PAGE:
We should take comfort. If there is no true Soviet threat to us concealed in Nicaragua, if there is simply Marxism-Leninism, we are indeed fortunate. Such states and peoples generally fall into desuetude with wonderful alacrity. The whole world by now knows of the grim contrast between Communist states and the Pacific Rim capitalisms of Asia.

Moralism in foreign or domestic policy usually generates an altogether inappropriate evangelical zeal. The language of eternal absolutes, of vivid millennialist symbols, is soon invoked. T.R. declared once: “We stand at Armageddon and we battle for the Lord.” I do not recall whether he was speaking about farm prices or the gold standard, but I believe it was only shortly after that the famous handbill was published in Chicago in which his opposition announced: “On Tuesday next at precisely 9:30 A.M. Theodore Roosevelt will walk on the waters of Lake Michigan.” Humor is the most effective weapon against armies of True Believers.

But most moralism in domestic and foreign politics does not contain the spirit of charisma and pentecost. It reflects, rather. President Kennedy’s celebrated promise “to pay any price, bear any burden, meet any hardship . . . to assure the success and survival of liberty.” Arthur Schlesinger insists that only two months after saying this, Kennedy disavowed that orgiastic excess of moralism. Perhaps. But it was the Kennedy White House that created an American army of close to 20,000 in South Vietnam under the command of a four-star general, and that egregiously deposed Diem, thus making America inescapably our Vietnamese brothers’ keeper—for six years and at heavy cost.

The roots of American moralism, and also exceptionalism, are deep in our history. The American religion that Tocqueville and Bryce identified was and is, to the extent that it still exists, a compound of Christian millennialism on the one hand, and complacent geopolitics (two broad oceans and a plethora of natural resources) on the other. The image of America the Redeemer Nation was a vivid one throughout the 19th century. It was deservedly a proud image. Think of the immigrants who, after settling down in this country, wrote everything from lapidary letters to the old country to significant autobiographies about the transfiguration of their lives in the American Garden. In this century, millions of Eastern Europeans and Asians have justifiably seen their experience as a modern Exodus.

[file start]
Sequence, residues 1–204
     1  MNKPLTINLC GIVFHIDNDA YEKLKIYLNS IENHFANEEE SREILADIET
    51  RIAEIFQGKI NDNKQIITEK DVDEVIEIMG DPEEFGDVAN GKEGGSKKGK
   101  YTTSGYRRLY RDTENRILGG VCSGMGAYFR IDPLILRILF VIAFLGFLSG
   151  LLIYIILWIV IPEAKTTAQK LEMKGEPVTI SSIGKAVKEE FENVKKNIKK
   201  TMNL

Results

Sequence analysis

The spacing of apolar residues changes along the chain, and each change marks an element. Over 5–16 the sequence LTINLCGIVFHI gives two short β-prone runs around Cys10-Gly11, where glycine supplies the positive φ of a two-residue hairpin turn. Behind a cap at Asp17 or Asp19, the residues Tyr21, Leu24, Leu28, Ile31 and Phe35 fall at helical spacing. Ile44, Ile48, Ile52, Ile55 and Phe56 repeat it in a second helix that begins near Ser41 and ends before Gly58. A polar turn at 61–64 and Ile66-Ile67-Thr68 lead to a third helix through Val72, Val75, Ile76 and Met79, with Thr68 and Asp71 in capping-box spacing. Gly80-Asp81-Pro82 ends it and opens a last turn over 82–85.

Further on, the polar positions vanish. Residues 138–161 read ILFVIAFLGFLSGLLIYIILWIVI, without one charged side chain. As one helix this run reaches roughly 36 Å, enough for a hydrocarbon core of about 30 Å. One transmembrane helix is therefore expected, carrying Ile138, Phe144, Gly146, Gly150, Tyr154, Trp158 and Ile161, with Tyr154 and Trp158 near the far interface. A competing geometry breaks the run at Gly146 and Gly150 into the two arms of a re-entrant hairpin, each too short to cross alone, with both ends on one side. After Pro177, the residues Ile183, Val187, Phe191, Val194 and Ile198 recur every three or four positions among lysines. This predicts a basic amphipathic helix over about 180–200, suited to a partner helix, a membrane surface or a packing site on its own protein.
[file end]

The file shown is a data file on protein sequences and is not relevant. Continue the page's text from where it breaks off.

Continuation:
But however touching and noble, the moral and spiritual do not necessarily translate into good public policy and law, or good foreign and defense programs. When, after repeated incidents. President Wilson asked and got from Congress a declaration of war against Germany, the sound reason to give was that already in the minds of most congressmen: the killing of American citizens and violation of their property rights on the open seas. But Woodrow Wilson was unable to live with so pragmatic and commonsensical a reason. He was already disgusted with England and France for their crass view of the war with Germany: that is was a matter of mere survival. It was with special eloquence, then, that he announced the purpose of the war was to make the world safe for democracy—American-style, naturally.

Wilson failed, of course, paralyzed. Vast must have been the floods of self-righteousness that coursed through that crippled body, first in the White House, then in the house on S Street. His posthumous reward was canonization by a large number of Americans. Throughout the 20’s and 30’s, Wilson was sanctified by ever-widening numbers of people. Republican as well as Democrat. It was Wilsonianism that saved Franklin D. Roosevelt from defeat in 1940; Wilsonianism and, of course, the useful Second World War. Roosevelt was in the direct Wilson tradition when he waded in gradually, first affirming neutrality, then declaring for quarantine, then discovering in January 1941 that the real objective of the war—whether Churchill and others fighting it knew this or not—was the global establishment of the Four Freedoms, and then months later wrapping the whole war, including Stalin’s participation from June on, into the Atlantic Charter. It was not a very long step from the charter to the infamous Declaration on Liberated Europe composed at Yalta.